In terms of language, in the Tijuana/San Diego border region, there would also be an emphasis on the use of Spanish and English in classroom instruction, reflecting the reality of the social context and lived experiences of students. However, the barriers to overcome are substantial, especially since there is a strong majority sentiment against the perceived growth of "foreigners," often targeting Spanish speaking immigrants, driven by the fear of the "browning" of California. Reflecting this sentiment, González (200) states:
Nothing seems to inflame advocates of our nation's Anglo-Saxon traditions so much as the issue of language. Since people's culture-its music, literature, and customs-is inevitably expressed through its language, growth of "foreign" language use somehow implied the growth of foreign cultures (González 2000, p. XIII).
In spite of this political rhetoric, the use of Spanish and English instruction in the borderlands is axiomatic: validating the language and culture of many of the students; requiring all students to learn a second language for future economic success; and improving intercultural exchanges and mutual understanding. Although bilingualism and biculturalism will likely result in improved schooling in the borderlands, there is a need to overcome the hysteria and perceived threat of Spanish. Again, González (2000) states:
Unfortunately, most of the debate around language has centered on the "threat" of bilingualism, even though, according to virtually all studies, most Latinos believe that mastery of English is critical for their progress in this country. They believe it so fervently that 75 percent of Hispanic immigrants are speaking English on a daily basis by the time they have lived in the United States for fifteen years, and 70 percent of the children of those immigrants become dominant in or only speak English (González 2000, p. 224).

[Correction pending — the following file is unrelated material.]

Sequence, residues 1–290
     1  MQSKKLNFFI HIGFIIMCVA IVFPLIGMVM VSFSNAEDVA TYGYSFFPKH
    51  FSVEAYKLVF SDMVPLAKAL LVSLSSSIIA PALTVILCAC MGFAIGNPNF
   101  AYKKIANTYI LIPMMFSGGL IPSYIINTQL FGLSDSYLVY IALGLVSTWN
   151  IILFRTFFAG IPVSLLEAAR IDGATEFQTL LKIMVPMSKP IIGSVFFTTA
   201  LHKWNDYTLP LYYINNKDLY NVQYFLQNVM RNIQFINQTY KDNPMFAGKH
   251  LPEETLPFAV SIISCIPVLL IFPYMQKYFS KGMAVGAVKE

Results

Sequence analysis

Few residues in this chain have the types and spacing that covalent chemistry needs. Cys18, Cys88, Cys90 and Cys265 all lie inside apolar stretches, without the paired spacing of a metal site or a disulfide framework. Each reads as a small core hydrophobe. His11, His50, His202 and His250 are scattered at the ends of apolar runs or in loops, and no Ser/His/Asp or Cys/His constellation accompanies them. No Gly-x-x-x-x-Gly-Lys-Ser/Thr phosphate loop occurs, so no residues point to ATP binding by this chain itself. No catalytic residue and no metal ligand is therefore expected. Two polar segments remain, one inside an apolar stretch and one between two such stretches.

Contrary to this sentiment, an effective curriculum needs to take into account that most of the students in the schools today will be the citizens of tomorrow and, therefore, need to be educated in a way that is compatible with the increasing interdependency between the two nations which demands bilingualism, as well as a deeper understanding of each others cultures. The mutual gain for both countries can be unprecedented if the curriculum reflects the reality of the borderlands bicultural and bilingual experience.
When defining successful border pedagogy, it is necessary to ensure that instructional practices incorporate the strengths of both cultures. In contrast to the competitive nature of most schools, border pedagogy needs to strike a balance with more collaborative and group instructional strategies that reflect the more collectivist nature of a border society. Instructional practices that are conducive for a diverse student population to be successful should be less competitive, minimize "paper-pencil/sit-and-get" learning strategies, reduce teacher as "sage-on-the stage" approaches, and decrease standardization of instructional processes. The standardization movement is particularly detrimental for the borderlands for it seeks to homogenize diversity by providing uniformity in schooling. Moreover, it is possible that the standardization movement in public schools is influenced by the uneasiness over differences and diversity in the United States, viewed by some as a threat to our way of life. Lomawaima & McCarty (2002) reflect this ambivalence, thus: